Take the 2-minute tour ×
Stack Overflow is a question and answer site for professional and enthusiast programmers. It's 100% free, no registration required.

I have a canned reproducer invoking boost::asio::ip::tcp::resolver::resolve() on localhost once every 5 seconds. It counts the number of endpoints returned and compares that value against the previous iteration.

#include <boost/asio.hpp>

#include <iostream>

int main(int argc, char *argv[])
{
    if ( argc < 3 ) {
        std::cerr << argv[0] << " host port" << std::endl;
        exit( EXIT_FAILURE );
    }
    const char* host = argv[1];
    const char* service = argv[2];

    boost::asio::io_service io_service;
    boost::asio::ip::tcp::resolver resolver( io_service );

    size_t previous = 0;
    while ( true ) {
        boost::asio::ip::tcp::resolver::iterator i(
                resolver.resolve(
                    boost::asio::ip::tcp::resolver::query( host, service )
                    )
                );
        size_t count( 0 );
        while ( i != boost::asio::ip::tcp::resolver::iterator() ) {
            std::cout << i->endpoint() << std::endl;
            ++i;
            ++count;
        }

        std::cout << "got " << count << " addresses" << std::endl;
        if ( previous == 0 ) {
            previous = count;
        }
        assert( count == previous );

        sleep( 5 );
    }
}

sample session

~> time ./addrinfo_asio localhost 80

...

127.0.0.1:80
got 1 addresses
[::1]:80
127.0.0.1:80
got 2 addresses
addrinfo_asio: addrinfo_asio.cc:35: int main(int, char**): Assertion `count == previous' failed.
Aborted (core dumped)

real    216m20.515s
user    0m0.181s
sys     0m0.193s
~> 

You can see it found one endpoint (127.0.0.1:80) for about 3.5 hours, then found two (127.0.0.1:80 and [::1]:80). I'm wondering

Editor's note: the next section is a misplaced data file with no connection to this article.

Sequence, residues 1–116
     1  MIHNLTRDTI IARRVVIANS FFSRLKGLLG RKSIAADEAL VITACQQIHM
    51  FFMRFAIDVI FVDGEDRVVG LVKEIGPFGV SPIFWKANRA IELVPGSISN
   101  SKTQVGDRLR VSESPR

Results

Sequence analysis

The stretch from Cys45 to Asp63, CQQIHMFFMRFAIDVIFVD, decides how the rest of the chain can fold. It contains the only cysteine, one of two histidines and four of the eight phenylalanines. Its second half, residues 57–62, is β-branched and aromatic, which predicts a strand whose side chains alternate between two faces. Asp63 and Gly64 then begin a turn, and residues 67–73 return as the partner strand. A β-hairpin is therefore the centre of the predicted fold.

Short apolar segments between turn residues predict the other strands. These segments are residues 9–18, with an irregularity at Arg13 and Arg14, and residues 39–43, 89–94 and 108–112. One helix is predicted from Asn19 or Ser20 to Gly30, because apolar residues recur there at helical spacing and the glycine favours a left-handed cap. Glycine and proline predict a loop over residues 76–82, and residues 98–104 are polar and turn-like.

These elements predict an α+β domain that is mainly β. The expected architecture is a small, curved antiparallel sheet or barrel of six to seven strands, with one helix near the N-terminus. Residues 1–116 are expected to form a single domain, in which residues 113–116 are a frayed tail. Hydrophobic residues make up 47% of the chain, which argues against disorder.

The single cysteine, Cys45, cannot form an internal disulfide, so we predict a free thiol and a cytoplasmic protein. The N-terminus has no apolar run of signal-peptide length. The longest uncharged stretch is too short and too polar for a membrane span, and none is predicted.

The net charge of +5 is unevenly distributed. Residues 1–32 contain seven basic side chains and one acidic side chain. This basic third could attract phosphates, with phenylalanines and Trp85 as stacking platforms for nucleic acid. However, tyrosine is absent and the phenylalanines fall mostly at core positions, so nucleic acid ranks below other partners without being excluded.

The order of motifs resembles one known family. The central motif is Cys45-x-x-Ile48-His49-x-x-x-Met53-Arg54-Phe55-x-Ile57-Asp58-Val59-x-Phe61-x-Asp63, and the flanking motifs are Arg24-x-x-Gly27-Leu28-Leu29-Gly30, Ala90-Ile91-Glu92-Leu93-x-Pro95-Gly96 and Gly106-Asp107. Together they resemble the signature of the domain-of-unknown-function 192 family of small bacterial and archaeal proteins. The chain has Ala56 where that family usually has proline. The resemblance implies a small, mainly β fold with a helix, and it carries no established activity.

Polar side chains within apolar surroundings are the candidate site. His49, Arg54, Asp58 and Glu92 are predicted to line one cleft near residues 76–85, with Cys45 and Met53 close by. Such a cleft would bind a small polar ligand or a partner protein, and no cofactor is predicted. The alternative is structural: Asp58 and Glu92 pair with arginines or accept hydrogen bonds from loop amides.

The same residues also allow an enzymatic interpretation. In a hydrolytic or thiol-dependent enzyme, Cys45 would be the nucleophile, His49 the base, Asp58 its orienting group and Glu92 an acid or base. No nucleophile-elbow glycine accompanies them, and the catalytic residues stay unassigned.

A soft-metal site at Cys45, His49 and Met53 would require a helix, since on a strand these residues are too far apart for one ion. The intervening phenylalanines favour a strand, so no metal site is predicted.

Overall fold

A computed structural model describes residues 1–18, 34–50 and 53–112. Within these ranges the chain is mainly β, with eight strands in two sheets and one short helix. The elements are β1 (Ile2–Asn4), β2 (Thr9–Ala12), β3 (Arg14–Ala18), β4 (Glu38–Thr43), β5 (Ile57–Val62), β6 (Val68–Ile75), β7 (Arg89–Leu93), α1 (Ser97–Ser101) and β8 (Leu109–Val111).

1. why the endpoint count changes from one, to two?
  2. what could cause it?

Resolving both ipv4 and ipv6 addresses is intentional, I do not want to limit the query to just ipv4. I realize this behavior is likely not specific to asio, I also have a reproducer invoking getaddrinfo directly that exhibits the same behavior. My platform is ppc64 RHEL 6.2 if that is relevant. I have not tried reproducing elsewhere.

share|improve this question
    
The ::1 address is the IPv6 localhost address. Maybe it takes so long time for the OS to realize it has IPv6 enabled? –  Joachim Pileborg Jun 12 '12 at 5:35
    
what is the os you are running on ? –  gda2004 Nov 1 '12 at 8:50
    
@gda2004 see the last sentence of the question, ppc64 RHEL 6.2 –  Sam Miller Nov 1 '12 at 14:12
    
@Sam Miller apologies I missed that –  gda2004 Nov 1 '12 at 14:17
    
@ Sam Miller were you on an IPv4 only network ? I am just throwing my thoughts out here –  gda2004 Nov 1 '12 at 14:22
show 1 more comment

2 Answers

Well I'm no boost expert, but a quick browse tells me it seems to be using AI_ADDRCONFIG by default (which is good, it should almost always be used). With that flag it will only return IPv6 addresses if you have at least one global routable IPv6 address configured. Perhaps your IPv6 connection is not always available?

share|improve this answer
    
Windows-specific caveat: AI_ADDRCONFIG can cause lookups for localhost to fail. See Boost ticket 8503 for details. –  Edward Brey Apr 26 '13 at 19:29
add comment

You can limit resolver to IPv4 only:
ip::tcp::resolver::query(ip::tcp::v4(), host, service)

share|improve this answer
1  
AFAIU the question is not how to limit the addresses returned by getaddrinfo, but why the IPv6 address shows up after some time period has elapsed. –  Ralf Jun 12 '12 at 6:55
    
Well, I was under impression that the topic-starter was unaware of the fact that his resolver query contained both ipv4 and ipv6, so he got undesired ipv6 queries. On the other hand, it's well known that ipv6 DNS queries might be painfully slow... –  Igor R. Jun 12 '12 at 9:20
    
@IgorR. I am aware the ::1 address is ipv6-localhost, I've edited my question to reflect that. I do not want to limit my resolve queries to just ipv4. –  Sam Miller Jun 12 '12 at 13:42
    
Thank you so much for this. I have been experiencing very slow connect times (seconds) even when testing on my local machine connecting to another local server. It turns out if I restrict the search to IPv4 it goes really quickly. This is using synchronous boost. I'm running my code under very specific conditions so ipv4 and synchronous do not matter to me. Perhaps this will help someone else in the future. –  rpamely May 2 '13 at 21:44
add comment

Your Answer

 
discard

By posting your answer, you agree to the privacy policy and terms of service.

Not the answer you're looking for? Browse other questions tagged or ask your own question.